General vintage slot machine related topics.
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alan57
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Re: My first penny slot machine !

Postby alan57 » Wed Jul 30, 2014 7:31 pm

The nursing home has a special present for Vanessa as she approaches 3 figures !SAINT!
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coppinpr
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Re: My first penny slot machine !

Postby coppinpr » Thu Jul 31, 2014 12:15 pm

last time I heard from Vanessa she was doing so well she was thinking of opening another pair of legs in Birmingham!

I asked her how much she took per night and she said £85.25p, I asked who gave her 25p..she said ..they all did :!?!:

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operator bell
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Re: My first penny slot machine !

Postby operator bell » Fri Aug 01, 2014 7:13 am

Arrgee wrote:Have you got more pics Alan, great old boxes these.

I well remember as a little lad in the 1950s we used to go into these telephone boxes and were able to ring numbers without paying. We would lift the receiver and for every single number within the telephone number, we would tap the 'cut off' buttons under the handset that amount of time. ... I have no idea how this worked
Well, the way it worked is that's exactly how the dial did it - broke the circuit briefly, one to ten times depending how far it was turned. Back at the exchange, there was a delay relay across the line that was too slow to drop out on the interruptions - this held the line open - and a fast relay that did drop out on the breaks and generated the pulses to step the selectors.

I had a friend who worked at the exchange who told me they'd be in there at night and when they heard someone tapping out a call - they could tell because the pulses were irregular - they'd stand by the switch and the moment the called number started to ring, they'd reset the connection. The caller would inevitably try again, and again, and again ...

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arrgee
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Re: My first penny slot machine !

Postby arrgee » Fri Aug 01, 2014 9:15 am

Thanks for that interesting explanation O.B. I remember one instance when we kept tap dialing a certain number the woman obviously worked out it was kids playing around and shouted down the line "if you don't stop this I am sending the police round" That shook us and we ran off at high speed not realising that she had no idea where we were phoning from!! !!ESCAPE!!

chris rideout
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Re: My first penny slot machine !

Postby chris rideout » Thu Sep 04, 2014 8:16 pm

Operator Bell wrote:
Arrgee wrote:Have you got more pics Alan, great old boxes these.

I well remember as a little lad in the 1950s we used to go into these telephone boxes and were able to ring numbers without paying. We would lift the receiver and for every single number within the telephone number, we would tap the 'cut off' buttons under the handset that amount of time. ... I have no idea how this worked
Well, the way it worked is that's exactly how the dial did it - broke the circuit briefly, one to ten times depending how far it was turned. Back at the exchange, there was a delay relay across the line that was too slow to drop out on the interruptions - this held the line open - and a fast relay that did drop out on the breaks and generated the pulses to step the selectors.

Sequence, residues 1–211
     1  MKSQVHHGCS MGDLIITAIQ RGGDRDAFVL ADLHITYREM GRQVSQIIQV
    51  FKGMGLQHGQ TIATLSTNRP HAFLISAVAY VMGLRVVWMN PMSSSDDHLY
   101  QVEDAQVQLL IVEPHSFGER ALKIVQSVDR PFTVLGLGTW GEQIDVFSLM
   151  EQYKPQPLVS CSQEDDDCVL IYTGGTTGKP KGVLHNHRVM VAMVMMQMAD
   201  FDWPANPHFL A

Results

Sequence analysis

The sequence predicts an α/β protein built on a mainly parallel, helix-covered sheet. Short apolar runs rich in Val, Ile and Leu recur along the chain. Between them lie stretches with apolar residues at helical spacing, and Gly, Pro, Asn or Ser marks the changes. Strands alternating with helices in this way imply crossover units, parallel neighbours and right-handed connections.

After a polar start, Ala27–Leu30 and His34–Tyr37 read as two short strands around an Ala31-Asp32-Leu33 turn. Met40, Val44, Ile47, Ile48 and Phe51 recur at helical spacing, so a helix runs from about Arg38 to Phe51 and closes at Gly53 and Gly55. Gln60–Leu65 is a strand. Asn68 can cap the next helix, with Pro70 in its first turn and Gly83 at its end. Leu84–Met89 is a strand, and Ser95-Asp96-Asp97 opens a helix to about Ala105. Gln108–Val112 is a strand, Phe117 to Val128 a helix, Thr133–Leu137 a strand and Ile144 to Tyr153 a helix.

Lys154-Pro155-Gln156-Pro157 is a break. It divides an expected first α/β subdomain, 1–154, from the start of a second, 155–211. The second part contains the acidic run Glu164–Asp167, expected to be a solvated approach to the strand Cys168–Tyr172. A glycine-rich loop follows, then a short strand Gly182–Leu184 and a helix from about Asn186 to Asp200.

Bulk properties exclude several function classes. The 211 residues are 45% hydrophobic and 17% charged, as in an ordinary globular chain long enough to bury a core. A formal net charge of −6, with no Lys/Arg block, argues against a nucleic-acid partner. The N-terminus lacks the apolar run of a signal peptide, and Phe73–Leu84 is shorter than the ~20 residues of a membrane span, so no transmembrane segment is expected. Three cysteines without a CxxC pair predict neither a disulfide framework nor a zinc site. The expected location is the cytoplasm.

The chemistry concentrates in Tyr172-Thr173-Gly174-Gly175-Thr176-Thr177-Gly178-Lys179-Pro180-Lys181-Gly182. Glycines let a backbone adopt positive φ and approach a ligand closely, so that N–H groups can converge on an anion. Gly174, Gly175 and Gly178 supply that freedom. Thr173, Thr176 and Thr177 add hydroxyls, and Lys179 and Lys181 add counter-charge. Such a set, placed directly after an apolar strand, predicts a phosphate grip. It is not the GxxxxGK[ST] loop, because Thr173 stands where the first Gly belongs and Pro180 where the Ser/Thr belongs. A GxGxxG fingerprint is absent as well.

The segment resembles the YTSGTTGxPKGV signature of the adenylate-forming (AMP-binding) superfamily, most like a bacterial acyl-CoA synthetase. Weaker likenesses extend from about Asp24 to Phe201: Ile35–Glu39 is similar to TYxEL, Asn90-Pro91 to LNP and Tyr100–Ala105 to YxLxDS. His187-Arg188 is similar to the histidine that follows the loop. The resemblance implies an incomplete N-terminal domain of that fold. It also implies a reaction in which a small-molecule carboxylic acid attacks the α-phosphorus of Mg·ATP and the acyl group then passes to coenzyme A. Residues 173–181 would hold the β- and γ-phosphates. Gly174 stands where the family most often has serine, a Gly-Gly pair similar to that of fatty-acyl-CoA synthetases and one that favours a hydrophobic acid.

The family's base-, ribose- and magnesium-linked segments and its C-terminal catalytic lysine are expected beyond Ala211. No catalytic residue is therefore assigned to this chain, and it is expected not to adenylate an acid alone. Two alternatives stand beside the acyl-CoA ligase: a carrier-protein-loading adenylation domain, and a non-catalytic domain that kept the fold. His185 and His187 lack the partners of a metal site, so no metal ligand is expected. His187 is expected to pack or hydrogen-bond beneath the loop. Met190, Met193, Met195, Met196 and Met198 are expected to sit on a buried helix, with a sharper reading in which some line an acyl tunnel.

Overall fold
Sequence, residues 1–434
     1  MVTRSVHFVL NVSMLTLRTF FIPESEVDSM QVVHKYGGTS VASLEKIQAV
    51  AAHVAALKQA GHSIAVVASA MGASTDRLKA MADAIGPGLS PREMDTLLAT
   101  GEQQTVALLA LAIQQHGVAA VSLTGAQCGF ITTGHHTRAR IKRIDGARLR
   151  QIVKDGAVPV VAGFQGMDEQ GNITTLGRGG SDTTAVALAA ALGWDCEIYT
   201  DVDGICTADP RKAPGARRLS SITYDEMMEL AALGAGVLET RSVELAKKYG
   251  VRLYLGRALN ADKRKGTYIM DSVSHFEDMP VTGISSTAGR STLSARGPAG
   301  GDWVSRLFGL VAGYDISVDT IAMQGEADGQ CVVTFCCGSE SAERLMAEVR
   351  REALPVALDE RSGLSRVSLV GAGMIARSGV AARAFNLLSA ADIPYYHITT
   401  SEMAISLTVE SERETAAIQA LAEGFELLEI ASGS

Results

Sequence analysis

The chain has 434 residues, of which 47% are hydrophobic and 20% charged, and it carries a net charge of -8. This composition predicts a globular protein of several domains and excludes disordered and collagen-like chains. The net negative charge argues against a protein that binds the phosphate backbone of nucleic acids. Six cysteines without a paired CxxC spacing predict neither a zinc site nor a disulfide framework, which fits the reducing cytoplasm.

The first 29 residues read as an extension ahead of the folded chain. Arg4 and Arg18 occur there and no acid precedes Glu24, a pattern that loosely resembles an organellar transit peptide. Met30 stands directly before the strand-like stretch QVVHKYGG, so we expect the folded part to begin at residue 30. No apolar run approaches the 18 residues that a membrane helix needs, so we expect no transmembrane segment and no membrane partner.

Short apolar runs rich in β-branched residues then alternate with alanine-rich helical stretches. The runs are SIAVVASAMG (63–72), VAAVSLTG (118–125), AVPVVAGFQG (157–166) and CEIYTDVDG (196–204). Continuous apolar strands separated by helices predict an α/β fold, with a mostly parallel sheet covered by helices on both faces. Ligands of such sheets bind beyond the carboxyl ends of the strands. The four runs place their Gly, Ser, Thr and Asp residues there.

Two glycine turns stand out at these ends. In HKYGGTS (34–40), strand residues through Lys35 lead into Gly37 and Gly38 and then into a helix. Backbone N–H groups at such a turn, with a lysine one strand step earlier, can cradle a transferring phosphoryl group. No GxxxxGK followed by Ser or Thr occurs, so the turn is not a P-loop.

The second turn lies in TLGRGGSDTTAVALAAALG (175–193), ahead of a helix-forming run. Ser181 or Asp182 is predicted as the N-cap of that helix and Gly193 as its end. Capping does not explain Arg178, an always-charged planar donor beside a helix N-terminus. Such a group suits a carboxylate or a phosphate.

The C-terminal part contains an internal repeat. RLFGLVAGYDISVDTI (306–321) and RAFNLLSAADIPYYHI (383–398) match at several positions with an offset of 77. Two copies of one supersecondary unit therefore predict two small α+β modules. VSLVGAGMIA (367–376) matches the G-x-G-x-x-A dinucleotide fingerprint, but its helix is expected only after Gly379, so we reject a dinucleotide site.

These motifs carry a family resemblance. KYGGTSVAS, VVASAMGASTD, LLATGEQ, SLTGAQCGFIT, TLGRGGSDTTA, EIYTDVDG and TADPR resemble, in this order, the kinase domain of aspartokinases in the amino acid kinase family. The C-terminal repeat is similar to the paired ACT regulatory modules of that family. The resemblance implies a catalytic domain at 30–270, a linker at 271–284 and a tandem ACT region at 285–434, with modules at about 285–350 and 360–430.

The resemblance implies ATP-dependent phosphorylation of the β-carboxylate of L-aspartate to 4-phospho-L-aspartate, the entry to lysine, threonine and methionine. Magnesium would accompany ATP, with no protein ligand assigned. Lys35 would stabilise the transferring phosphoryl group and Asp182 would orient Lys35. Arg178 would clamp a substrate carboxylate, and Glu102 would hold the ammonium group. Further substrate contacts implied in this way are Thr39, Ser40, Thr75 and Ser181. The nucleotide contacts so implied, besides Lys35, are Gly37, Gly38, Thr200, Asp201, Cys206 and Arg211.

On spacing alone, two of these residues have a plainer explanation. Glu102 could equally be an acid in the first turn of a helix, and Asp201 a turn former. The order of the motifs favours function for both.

I had a friend who worked at the exchange who told me they'd be in there at night and when they heard someone tapping out a call - they could tell because the pulses were irregular - they'd stand by the switch and the moment the called number started to ring, they'd reset the connection. The caller would inevitably try again, and again, and again ...
You could dial 0 for the operator, 191 for enquiries, and 999 for emergency services. The numbers 1, 9, 0 worked without inserting coins. Other numbers (2 to 8) could be obtained by "cradle tapping" When you put the coins in, the dial worked on all numbers but the microphone cut out. When the person at the other end answered, you pressed button A and this cut your microphone in but caused the dial to revert to the "1, 9, 0 only" mode. If you wanted to call someone with the number 2900 or 2901, all you needed to do was tap the 2, and dial the other digits.

Button B had a timer fitted to it. If you called the operator for a trunk call, you would be told to insert the money and the operator would connect you. It would be possible to give a quick jab on button B to get your money back without the operator noticing the light on the switchboard coming on (or off - not sure) but the timer gave an extra 5 or 6 seconds so the operator would almost certainly notice what you had done. The last time I had used these black and silver contraptions was on the Isle of Wight in early 1974. I think the Newbury area kept theirs a bit longer. I was surprised that the Shetland Isles did not dispose of the black and silver equipment until the mid 1980s. Did BT forget that it was there?

Some fraudulent callers did end up in court for trying to save a few pennies but it was unusual. In the papers, you would read: "A Post Office Telephones spokesman refused to say how this was done". Hardly surprising. After all, we don't everyone to know, do we?


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